Former South Korean President Kim Dae Jung won a Nobel Peace Prize in 2000 for his efforts at reconciliation with the criminal regime in Pyongyang (the so-called Sunshine Policy), which provided North Korea with significant aid while getting almost nothing in return. The policy was abandoned in 2008 by President Lee Myung-bak, having done nothing to alleviate the squalid conditions suffered by the hostages of the Juche dictatorship. Now, how will President Lee respond to news that Cheonan naval ship was likely, though not definitively, sunk by a North Korean torpedo? The latest from the AP:
South Korea's defense minister confirmed Monday that traces of an explosive chemical substance used to make torpedoes were found in the wreckage of a naval ship that sank near the border with North Korea.
The 1,200-ton Cheonan went down in the Yellow Sea on March 26 after an explosion tore through the frigate. Fifty-eight sailors were rescued, but 46 were killed. Seoul has not directly blamed North Korea for the sinking, and Pyongyang has denied involvement. However, suspicion has focused on the North, given its history of provocations and attacks.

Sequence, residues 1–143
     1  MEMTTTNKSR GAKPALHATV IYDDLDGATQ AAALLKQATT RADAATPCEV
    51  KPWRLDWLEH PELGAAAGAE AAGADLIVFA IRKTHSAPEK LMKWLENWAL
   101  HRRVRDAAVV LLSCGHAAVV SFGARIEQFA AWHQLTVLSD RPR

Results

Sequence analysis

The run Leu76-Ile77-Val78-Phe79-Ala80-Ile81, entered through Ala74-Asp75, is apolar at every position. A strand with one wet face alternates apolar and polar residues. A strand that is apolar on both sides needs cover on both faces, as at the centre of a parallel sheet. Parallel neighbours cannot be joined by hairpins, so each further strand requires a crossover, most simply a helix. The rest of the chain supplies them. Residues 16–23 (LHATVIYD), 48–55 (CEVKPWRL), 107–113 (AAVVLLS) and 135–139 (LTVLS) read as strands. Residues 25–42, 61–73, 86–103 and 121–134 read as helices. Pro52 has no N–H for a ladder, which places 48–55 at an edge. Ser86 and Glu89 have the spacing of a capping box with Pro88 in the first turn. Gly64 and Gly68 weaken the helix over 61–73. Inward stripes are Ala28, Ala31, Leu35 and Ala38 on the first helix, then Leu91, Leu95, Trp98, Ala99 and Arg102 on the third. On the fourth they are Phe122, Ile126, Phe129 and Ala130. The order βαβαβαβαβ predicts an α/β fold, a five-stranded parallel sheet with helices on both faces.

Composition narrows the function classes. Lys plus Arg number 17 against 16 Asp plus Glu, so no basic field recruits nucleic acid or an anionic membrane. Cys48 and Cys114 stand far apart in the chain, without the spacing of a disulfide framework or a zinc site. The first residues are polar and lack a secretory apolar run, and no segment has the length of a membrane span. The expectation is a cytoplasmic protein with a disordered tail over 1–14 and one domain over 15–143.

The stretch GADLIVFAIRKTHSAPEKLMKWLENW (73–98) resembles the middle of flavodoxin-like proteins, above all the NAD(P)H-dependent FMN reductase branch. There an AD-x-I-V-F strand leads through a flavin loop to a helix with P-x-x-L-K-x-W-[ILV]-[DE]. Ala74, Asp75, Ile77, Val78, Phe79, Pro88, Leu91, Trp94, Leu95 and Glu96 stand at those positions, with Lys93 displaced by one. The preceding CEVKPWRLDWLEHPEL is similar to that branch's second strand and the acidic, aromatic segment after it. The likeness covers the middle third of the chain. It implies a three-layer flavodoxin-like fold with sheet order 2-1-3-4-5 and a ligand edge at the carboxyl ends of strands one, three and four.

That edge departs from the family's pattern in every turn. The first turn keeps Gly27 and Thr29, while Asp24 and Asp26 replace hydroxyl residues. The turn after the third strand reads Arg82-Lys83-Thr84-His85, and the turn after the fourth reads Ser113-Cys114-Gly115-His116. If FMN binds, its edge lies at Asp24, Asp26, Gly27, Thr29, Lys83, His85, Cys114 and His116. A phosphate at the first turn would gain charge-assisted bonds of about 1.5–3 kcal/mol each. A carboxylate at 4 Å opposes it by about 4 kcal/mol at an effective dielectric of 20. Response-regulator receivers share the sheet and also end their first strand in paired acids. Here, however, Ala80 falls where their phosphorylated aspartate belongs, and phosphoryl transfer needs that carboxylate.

South Korean Defense Minister Kim Tae-young said earlier that an initial investigation indicated that a torpedo was likely to blame for the disaster. On Monday, he confirmed media reports that traces of a high explosive were found on the ship's wreckage.
"It's true that RDX, a chemical substance used in making torpedoes, has been detected," he told reporters. "The possibility of a torpedo (attack) has increased, but it's too early to say anything."
I wrote about the hipster sunshine policy here, which involves make skinny jeans with North Korean slave labor.